What are diesel regulations and how do they work?

Euro 6 emission standards are the toughest yet. But what do they represent for petrol and diesel cars, and how are they implemented?

 

The EU has an ambitious regulatory framework in place to reduce pollutant emissions from both passenger and heavy-duty vehicles. These are referred to as the Euro emission standards.

Since 1992, successive Euro standards have set stricter limits on the amount of pollutant emissions a vehicle can emit, such as particulate matter (PM), nitrogen oxides (NOx), unburnt hydrocarbons (HC) and carbon monoxide (CO).

The results are impressive: while a diesel passenger vehicle was permitted to emit 140 milligrams of particulate matter per kilometre in 1992 this number had dropped to just 4.5 milligrams in 2014. Regulated NOx emissions have declined from 970 (combined with unburnt hydrocarbons) to 80 milligrams per kilometre over the same period.

This progressive decline in emissions is the result of a commitment by both the EU and the automotive industry to improve air quality. Technological improvements combined with legislative ambition, has led to cleaner vehicles.

The latest Euro 6 standards require diesel cars to be fitted with highly efficient NOx exhaust aftertreatment systems to reduce and control their tailpipe NOx emissions.

With the introduction of new and more robust test procedures, consumers can be confident that the diesel car they buy meets the latest tougher emissions criteria set by the EU.

By creating the Real-Driving Emissions (RDE) test, the EU became the first region in the world to introduce real world on-road testing. Under this procedure, a new car is tested on public roads and over a range of different conditions, such as low and high altitudes and speeds and uphill and downhill driving, as well as a variety of vehicle payloads and ambient temperatures.

These real-world testing boundary conditions cover more than 90% of European driving conditions and behaviours. This ensures that the test reflects real-world driving conditions rather than laboratory conditions and that vehicles deliver the low emissions required by law.

  • A car prepared for on-road emissions testing (credit: BASF Catalyst)

 

How the new test procedures better reflect real-world emissions

In September 2015, U.S. regulators revealed a large discrepancy between the pollutant emissions of a diesel car measured during the laboratory test and its emissions measured in on-road conditions. This was predominantly for nitrogen oxide (NOx) emissions.

The EU was already in the process (since 2011) of developing the RDE test procedure, which came into effect on 1 September 2017. This new, more stringent regulation measures pollutant emissions while the car is driven on the road.

Before a vehicle is released on the European market, it needs to be type-approved through a process called “homologation”. Until 2017, vehicles were only tested in a laboratory environment and checked against the maximum emissions limits set by Euro standards.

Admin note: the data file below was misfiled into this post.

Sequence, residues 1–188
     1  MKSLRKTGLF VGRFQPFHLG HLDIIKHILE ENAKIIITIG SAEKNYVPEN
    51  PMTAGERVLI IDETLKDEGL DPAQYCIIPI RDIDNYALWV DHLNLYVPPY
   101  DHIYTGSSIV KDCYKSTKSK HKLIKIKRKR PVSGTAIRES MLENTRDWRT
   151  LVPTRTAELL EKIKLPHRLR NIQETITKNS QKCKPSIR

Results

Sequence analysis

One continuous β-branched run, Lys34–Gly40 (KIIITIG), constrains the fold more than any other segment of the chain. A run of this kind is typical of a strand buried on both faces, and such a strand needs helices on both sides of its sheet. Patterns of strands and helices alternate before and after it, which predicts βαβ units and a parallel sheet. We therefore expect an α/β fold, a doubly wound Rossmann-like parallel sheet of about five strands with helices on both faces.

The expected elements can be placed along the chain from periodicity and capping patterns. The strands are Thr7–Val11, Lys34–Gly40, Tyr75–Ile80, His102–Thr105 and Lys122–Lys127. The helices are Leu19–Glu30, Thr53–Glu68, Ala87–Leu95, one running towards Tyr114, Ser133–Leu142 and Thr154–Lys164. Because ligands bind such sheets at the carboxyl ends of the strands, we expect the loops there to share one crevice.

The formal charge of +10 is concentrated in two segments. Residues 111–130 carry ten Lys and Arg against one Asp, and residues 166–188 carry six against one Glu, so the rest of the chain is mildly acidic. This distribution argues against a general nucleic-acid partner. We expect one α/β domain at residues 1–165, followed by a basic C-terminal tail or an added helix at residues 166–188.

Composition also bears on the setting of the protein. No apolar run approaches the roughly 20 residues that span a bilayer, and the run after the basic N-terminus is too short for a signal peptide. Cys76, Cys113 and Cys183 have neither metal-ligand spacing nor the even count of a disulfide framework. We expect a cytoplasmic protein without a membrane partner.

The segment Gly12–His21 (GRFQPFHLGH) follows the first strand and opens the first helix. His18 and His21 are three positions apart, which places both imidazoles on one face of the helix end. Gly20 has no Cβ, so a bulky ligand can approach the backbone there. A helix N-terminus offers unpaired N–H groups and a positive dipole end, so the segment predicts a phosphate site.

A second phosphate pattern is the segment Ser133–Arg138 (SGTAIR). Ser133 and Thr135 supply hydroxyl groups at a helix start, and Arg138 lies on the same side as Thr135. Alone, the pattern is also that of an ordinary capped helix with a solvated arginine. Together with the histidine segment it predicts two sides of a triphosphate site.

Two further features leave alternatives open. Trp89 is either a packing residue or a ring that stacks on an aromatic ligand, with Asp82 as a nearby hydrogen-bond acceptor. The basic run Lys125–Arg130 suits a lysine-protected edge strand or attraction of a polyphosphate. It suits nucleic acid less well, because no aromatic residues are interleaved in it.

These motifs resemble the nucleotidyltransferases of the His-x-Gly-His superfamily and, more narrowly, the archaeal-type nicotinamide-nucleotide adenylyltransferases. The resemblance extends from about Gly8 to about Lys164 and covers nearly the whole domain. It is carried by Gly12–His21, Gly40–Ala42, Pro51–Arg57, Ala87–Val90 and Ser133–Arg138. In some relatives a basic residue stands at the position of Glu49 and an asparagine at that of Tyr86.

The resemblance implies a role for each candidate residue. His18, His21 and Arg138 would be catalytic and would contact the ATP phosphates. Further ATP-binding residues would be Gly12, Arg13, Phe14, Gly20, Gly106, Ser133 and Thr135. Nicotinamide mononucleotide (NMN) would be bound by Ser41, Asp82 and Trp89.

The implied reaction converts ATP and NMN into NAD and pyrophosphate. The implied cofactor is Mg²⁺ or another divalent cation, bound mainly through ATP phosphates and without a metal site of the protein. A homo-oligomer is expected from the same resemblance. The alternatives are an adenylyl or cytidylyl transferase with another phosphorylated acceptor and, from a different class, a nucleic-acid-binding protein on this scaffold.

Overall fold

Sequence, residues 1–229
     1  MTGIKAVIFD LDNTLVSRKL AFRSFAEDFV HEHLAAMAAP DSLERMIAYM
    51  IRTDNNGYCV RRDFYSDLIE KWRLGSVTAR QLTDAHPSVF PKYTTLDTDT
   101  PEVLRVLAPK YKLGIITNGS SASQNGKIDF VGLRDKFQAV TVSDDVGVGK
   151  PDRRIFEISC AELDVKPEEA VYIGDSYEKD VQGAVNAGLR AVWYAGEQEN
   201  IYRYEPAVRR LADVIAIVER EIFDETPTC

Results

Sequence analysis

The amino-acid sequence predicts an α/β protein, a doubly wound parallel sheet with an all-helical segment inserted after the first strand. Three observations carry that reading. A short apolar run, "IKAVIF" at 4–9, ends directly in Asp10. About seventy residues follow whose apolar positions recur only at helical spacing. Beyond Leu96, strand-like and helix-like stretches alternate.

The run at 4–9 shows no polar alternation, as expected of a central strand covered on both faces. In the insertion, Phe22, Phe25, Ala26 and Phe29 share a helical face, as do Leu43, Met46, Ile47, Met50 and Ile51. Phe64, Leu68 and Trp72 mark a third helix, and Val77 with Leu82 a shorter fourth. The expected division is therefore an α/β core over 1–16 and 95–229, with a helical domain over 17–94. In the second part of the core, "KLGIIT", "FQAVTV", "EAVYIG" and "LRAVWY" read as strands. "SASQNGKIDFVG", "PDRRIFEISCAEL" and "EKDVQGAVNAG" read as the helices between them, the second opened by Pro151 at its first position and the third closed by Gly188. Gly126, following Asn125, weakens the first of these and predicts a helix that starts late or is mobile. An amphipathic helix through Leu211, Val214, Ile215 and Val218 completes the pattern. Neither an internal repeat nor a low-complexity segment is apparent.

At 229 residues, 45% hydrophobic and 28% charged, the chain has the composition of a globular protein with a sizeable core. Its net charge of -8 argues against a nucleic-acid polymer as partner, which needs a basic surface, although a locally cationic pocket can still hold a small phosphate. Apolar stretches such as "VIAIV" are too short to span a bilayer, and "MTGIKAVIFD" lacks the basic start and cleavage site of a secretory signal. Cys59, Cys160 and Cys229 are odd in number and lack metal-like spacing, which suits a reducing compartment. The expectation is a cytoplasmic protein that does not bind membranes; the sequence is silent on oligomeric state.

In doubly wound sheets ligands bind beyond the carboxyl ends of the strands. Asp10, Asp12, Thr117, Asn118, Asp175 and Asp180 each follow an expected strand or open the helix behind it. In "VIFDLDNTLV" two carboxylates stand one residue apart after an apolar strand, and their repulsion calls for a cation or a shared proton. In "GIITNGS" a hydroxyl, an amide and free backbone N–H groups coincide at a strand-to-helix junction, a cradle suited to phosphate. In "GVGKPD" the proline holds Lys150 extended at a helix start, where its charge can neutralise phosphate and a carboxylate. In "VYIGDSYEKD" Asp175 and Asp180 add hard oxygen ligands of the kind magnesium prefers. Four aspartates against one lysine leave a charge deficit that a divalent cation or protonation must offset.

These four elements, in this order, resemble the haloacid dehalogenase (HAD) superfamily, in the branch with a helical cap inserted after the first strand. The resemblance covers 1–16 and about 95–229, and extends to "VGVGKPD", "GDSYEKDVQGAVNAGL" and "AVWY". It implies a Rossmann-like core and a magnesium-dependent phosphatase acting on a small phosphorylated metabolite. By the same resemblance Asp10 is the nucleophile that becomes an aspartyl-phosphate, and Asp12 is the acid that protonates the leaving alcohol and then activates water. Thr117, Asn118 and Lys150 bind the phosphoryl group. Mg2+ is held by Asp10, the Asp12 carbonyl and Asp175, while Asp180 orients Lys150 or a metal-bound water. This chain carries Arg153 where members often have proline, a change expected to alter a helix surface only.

With RDE in place, cars now need to be tested with so-called Portable Emission Measuring Systems (PEMS) that provide real-time monitoring of key pollutants like NOx and particulate matter. Before a new car is granted approval for sale in the EU, the manufacturer has to commit to the maximum emissions the vehicle will produce when it is tested on the road, within the RDE boundary conditions defined in the regulation.

In addition, these on-road emission results and maximum commitment are made available to the public to aid consumers in choosing cleaner vehicles.

While a diesel passenger vehicle was permitted to emit 140 milligrams of particulate matter per kilometre in 1992, this number had dropped to just 4.5 milligrams in 2014. NOx emission limits have declined from 970 to 80 milligrams per kilometre over the same period.

The RDE test now complements the laboratory test, and therefore ensures that vehicles deliver the necessary low emissions both in the laboratory and on the road.

Laboratory tests have also been improved. Until recently, vehicles were tested according to the New European Driving Cycle (NEDC), a test that was developed in the 1980s.

Due to technological developments and evolving driving conditions, the NEDC test became outdated. To that end, UN and EU regulators have jointly developed a new test, called the Worldwide harmonised Light vehicle Test Procedure (WLTP). This was created to better reflect the on-road performance of vehicles. It was implemented in the EU on 1 September 2017.

Newly registered vehicles are now tested according to the laboratory WLTP test cycle, which complements the on-road RDE test.

 

Towards a more efficient transport future

With the introduction of new and more robust test procedures, consumers can be confident that the diesel car they buy meets the latest tougher emissions criteria set by the EU. Air quality, especially in urban environments, has become an important public health issue.

Complying with the latest RDE regulation, cars will therefore deliver the air quality benefits that citizens, local authorities and EU Member States need and depend on.

The revised framework should restore trust and transparency in the way both petrol and diesel cars are developed and sold within the European market.